Why Modi government should not completely ignore China’s newfound love for Pakistan


The China-Pakistan Economic Corridor (CPEC) is the game-changing package of Chinese capital and engineering worth $54 billion in investment and lending. But the ultimate aim is to bring together China, India and Pakistan as part of a Eurasian market forged by Chinese President Xi Jinping’s ‘One Belt, One Road’ policy.

Indians hear nefarious military overtones in this initiative’s inaptly chosen name. Already, uneasy about any joint endeavour by Pakistan and China, the name gives the exclusive impression of a communication line to bridge the Indian Ocean and China from Baluchistan’s Gwadar port up through the Karakorum highway into Xinjiang, the mini-continent-sized northwest province of China.

Perceiving the CPEC to be a threat and objecting to projects in Indian-claimed areas, India has stayed away from ‘Belt and Road’. In his 2016 Independence Day speech, Prime Minister Narendra Modi voiced support for movements in Baluchistan, Pakistan-administered Kashmir and Gilgit-Baltistan, end-points of the headline CPEC route that would be disrupted by insurgency. Modi has pushed ahead with the Chabahar port refurbishment and railway construction in Iran, a proposal that is called an ‘answer’ to the CPEC.

In conceiving support for another infrastructure project like Chabahar to be a competitor, Delhi’s strategic thinking narrowly construes the CPEC, exaggerates the standing gained from geopolitical trophies, and lacks appreciation for the tangibles and breadth of an initiative that holds the power to transform Pakistan.

Multiple Spinoffs
Far more than a transit route, $27 billion worth of CPEC resources are, in fact, allocated to undertake 18 power projects. The other half of the total $54 billion goes far beyond support for the Gwadar port complex and will include the engineering of four national trunk highways, overhaul or construction of three mainline railways, the start of a metro system in Lahore and a cross-country pipeline.

The ultimate vision dwarfs the inordinate attention on just the port and road. The end goal is stable electricity and logistics for an export-manufacturing economy in Pakistan.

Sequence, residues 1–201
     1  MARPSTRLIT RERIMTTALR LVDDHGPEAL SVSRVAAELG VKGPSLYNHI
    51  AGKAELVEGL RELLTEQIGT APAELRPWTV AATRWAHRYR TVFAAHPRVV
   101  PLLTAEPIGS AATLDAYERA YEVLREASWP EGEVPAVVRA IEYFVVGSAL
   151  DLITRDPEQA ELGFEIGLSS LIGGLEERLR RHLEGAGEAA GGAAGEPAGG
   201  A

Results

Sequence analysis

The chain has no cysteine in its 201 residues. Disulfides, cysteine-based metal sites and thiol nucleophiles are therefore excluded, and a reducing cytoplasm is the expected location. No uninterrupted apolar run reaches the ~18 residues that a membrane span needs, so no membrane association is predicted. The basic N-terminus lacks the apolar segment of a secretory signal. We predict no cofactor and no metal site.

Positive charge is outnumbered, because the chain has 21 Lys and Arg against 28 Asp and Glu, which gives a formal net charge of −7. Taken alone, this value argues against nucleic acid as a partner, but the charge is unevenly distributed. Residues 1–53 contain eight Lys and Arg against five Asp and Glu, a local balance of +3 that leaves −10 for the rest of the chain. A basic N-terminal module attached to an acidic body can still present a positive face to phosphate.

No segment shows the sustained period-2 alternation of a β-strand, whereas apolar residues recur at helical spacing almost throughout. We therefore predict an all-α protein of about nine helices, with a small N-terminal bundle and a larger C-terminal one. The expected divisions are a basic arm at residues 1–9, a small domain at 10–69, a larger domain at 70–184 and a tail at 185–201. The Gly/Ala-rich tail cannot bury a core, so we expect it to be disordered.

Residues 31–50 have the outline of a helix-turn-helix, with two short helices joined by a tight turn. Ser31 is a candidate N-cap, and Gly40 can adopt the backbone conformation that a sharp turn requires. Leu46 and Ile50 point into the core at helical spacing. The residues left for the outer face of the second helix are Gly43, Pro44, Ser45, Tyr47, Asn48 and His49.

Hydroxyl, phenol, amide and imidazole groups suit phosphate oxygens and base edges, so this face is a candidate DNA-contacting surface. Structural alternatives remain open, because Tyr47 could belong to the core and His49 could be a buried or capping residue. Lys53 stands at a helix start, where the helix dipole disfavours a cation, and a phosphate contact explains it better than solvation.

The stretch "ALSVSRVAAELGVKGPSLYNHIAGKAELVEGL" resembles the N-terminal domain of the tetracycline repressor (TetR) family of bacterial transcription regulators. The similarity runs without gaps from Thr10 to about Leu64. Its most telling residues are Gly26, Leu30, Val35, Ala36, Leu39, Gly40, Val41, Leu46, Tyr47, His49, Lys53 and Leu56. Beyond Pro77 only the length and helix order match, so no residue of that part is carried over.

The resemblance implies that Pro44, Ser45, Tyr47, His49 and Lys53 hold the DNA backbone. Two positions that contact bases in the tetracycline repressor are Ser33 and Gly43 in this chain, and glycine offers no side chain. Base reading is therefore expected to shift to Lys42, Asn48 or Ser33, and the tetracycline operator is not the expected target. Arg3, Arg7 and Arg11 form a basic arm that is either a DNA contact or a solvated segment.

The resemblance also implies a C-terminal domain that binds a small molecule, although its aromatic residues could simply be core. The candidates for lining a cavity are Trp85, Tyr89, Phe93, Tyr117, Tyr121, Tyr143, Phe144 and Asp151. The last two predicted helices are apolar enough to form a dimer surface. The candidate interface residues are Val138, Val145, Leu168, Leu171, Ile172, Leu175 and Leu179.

Unbeknown to strategists in Delhi, the CPEC’s real competitor is ‘Make in India’. The long-term economic calculation for India and Pakistan is the same. Due to the doubling of blue-collar wages every seven years in China, factories will either move to other Asian countries or stay in China in highly automated factories.

For India, Pakistan and other Asian countries aiming for middle income status, capturing relocated manufacturing is pivotal. In textiles alone, China has a giant lead, shipping $274 billion in exports annually compared to $40 billion by India, the second-largest exporter. If ‘Make in India’ takes the lion’s share of textile exports, that alone creates more direct jobs than the 3.7 million current jobs in the Indian IT and BPO industries.

However, despite continued revenue growth for IT companies, delivery centres and factories alike are adopting rapid automation, a phenomenon that will, in the next five years, shrink the already small BPO and IT workforce in India by 500,000 jobs. India has 1 million people reaching working age every month and needs to see through ‘Make in India’, just as the CPEC is critical to Pakistan’s stable future.

The CPEC is on track with the ongoing construction of early harvest projects, largely made up of 12 fast-tracked electricity-related projects slated for completion in 2018. The naysayers of the CPEC were wrong in their pessimism about the compatibility of Pakistan for a Chinese plan. The pace of Chinese infrastructure development and profitability for Chinese state-owned companies can be transplanted to another host country when backed by receptive policy and generous China-backed financing.

On the other hand, India isn’t making as much progress as it has sought. While the NDA government has paved more kilometres of roads per day than its predecessor and reached coal production targets made from the outset, inadequacies are clear in the momentum of this government’s infrastructure ambitions.

Due to fiscal exhaustion, a short-lived railway construction boom will likely peter out and frequent power cuts will persist even with a power production surplus unless inefficient transmission is overhauled. ‘Make in India’ can’t go far with Modi’s infrastructure predicament. But Pakistani manufacturing growth will be powered by Chinese logistical performance.

The True Competition
The Delhi strategic community doesn’t see the true competition, the basis for a blunder in turning away from an opportunity. The actual daunting challenge for India is in the CPEC’s commercial success enabling Pakistan to pull ahead of India as a successor in labour-intensive export manufacturing.

It’s doubly off base to see Indian security threatened and consider sabotage through proxy conflict. The CPEC fosters restraint and discourages provocation by Pakistan due to the gain in national ego from greater achievement than its rival and having then something to lose in the material benefits of a climbing standard of living. But there’s something India is already losing in its posture to ‘Belt and Road’. If proportionately scaled, India is missing out on $400-500 billion in financing and investment with rail and electricity likely benefiting most.

Perhaps, the inaptly named CPEC should have been called ‘Make in Pakistan’. That would make clear the opportunity and challenge from China for ‘Make in India’.